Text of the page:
A 2020 State of the Science Report on marine renewable energy (MRE) was released last week, reflecting the most comprehensive international analysis of potential interactions of MRE devices and associated infrastructure with the animals and habitats that make up the marine environment. The report was developed and peer reviewed by more than 60 international experts and scientists. Integral senior science advisor and oceanographer Grace Chang, Ph.D., is a coauthor, contributing to Chapter 7 research on potential changes in hydrodynamics (circulation and waves), sediment transport, and water quality related to MRE deployments.
Marine scientists from around the world spent the last 4 years reviewing numerous studies and other data on the possible environmental effects of MRE devices and found that the potential impact to marine life is likely small or undetectable. However, scientists say there is still uncertainty around some issues, as there have been relatively few sizable deployments of MRE devices.
Dr. Chang collaborated with Pacific Northwest National Laboratory (PNNL) in coauthoring Chapter 7, titled “Changes in Oceanographic Systems Associated with Marine Renewable Energy Devices.” The chapter reviews the latest field and laboratory research and modeling studies on anticipated changes in flow and related processes as the result of MRE deployments, and provides guidance for future studies. Given that no large-scale arrays have yet been deployed, understanding these processes will help protect against future effects.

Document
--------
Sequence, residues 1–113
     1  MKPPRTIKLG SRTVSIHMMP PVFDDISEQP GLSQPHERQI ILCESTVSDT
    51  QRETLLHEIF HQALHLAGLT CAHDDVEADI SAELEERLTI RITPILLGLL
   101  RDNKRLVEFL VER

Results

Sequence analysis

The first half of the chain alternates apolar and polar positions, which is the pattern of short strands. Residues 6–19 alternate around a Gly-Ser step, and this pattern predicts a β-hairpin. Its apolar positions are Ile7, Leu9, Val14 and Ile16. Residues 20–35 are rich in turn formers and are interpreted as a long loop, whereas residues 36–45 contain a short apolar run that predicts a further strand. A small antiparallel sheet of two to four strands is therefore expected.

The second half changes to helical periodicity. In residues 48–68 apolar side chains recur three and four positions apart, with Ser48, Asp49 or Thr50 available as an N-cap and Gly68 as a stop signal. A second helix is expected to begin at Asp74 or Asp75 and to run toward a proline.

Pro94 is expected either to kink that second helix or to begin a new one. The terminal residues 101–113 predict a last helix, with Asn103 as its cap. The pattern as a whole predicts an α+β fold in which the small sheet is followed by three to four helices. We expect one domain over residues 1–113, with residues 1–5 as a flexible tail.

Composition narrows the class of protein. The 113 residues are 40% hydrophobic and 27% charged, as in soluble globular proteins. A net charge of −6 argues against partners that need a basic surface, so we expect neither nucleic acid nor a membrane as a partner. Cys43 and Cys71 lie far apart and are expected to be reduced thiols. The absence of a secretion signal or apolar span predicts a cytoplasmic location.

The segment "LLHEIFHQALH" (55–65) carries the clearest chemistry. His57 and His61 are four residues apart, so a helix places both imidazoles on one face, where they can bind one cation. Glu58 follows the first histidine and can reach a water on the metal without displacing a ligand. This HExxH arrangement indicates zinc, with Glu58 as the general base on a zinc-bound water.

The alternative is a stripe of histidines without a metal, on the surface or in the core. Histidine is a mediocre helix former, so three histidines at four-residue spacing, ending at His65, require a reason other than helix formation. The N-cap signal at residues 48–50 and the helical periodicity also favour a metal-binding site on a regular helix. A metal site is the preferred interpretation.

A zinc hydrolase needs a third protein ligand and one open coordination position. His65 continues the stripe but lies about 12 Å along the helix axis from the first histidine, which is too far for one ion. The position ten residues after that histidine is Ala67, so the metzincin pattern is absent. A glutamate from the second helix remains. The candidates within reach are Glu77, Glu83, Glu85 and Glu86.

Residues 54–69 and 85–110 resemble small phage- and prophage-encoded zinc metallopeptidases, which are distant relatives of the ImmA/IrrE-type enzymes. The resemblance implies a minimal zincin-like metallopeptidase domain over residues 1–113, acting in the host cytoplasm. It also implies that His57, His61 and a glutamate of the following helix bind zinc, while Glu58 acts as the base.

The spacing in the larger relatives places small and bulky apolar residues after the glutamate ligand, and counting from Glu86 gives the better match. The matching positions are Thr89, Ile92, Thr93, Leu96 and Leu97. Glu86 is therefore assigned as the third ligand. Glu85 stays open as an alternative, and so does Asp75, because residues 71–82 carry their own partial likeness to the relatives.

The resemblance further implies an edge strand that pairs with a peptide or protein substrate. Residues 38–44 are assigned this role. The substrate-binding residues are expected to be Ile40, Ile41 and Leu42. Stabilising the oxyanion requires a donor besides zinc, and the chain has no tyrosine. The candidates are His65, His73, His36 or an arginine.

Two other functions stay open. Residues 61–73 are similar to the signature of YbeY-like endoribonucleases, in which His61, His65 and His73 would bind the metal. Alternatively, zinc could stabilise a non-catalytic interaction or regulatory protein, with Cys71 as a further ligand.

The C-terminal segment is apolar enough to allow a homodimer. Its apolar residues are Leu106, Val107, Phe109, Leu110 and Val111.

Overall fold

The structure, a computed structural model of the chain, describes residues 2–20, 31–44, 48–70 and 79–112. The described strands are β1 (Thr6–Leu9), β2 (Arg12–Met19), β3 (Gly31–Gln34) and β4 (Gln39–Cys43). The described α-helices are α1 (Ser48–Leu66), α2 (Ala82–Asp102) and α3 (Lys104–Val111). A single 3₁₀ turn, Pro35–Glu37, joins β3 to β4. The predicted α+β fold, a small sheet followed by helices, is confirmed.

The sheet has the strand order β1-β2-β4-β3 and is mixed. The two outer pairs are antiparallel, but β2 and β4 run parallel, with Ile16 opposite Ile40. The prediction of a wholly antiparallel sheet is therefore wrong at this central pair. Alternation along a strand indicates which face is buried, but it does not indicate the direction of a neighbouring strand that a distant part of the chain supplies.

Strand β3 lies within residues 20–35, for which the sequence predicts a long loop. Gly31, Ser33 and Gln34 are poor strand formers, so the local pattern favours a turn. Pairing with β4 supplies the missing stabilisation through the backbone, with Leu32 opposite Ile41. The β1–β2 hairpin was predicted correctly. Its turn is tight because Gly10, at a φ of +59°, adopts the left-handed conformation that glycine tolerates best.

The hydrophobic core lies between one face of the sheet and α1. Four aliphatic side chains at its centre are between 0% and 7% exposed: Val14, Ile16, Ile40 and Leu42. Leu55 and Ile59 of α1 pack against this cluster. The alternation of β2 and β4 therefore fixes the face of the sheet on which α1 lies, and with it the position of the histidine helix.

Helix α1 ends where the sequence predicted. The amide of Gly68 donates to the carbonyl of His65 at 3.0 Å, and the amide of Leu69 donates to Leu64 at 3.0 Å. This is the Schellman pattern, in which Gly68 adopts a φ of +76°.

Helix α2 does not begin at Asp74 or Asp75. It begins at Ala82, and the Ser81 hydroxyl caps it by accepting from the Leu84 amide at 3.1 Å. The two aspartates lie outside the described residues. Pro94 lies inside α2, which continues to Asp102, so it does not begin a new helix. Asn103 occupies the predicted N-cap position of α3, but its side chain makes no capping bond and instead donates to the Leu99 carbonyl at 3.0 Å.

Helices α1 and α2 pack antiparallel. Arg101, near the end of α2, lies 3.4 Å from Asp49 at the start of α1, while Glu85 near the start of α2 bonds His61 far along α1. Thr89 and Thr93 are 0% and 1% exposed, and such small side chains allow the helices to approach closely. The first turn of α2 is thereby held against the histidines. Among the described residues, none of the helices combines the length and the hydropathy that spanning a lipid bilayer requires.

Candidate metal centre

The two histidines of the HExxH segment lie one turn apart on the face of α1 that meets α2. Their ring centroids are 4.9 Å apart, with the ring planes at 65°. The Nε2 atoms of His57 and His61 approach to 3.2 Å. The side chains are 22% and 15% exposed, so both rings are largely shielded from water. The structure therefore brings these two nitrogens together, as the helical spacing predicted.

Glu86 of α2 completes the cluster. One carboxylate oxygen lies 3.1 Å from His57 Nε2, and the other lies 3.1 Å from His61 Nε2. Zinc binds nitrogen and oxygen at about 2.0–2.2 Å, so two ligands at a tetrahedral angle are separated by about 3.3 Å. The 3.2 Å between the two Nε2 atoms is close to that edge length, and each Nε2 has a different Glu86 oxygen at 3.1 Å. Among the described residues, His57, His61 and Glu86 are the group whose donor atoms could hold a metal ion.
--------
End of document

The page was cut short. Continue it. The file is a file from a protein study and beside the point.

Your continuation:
The 2020 State of the Science Report was released by Ocean Energy Systems (OES)-Environmental, which is supported by the International Energy Agency. PNNL leads OES-Environmental for the United States on behalf of U.S. Department of Energy (DOE), and is a key contributor to the report.
MRE is generated from ocean waves, tides, and currents. Devices like tidal energy converters extract power from tidal currents and convert it into electricity. It is important to understand potential interactions between MRE devices and the organisms that live, feed, and migrate past these devices so that renewable energy from the ocean can be harvested sustainably. Developing a fraction of available marine energy in U.S. waters could result in clean, reliable power for millions of American homes, reduce the carbon footprint from energy production, and could add $3 trillion to the global economy.
Dr. Chang has contributed to more than 40 peer-reviewed publications, advancing the state-of-the science in her field. Her research currently includes collaborative efforts supported by DOE and the California Energy Commission, involving technology development for MRE device and environmental monitoring, numerical modeling of potential environmental effects, and facilitating MRE device deployment through efficient project permitting. For more information, contact Dr. Chang at firstname.lastname@example.org.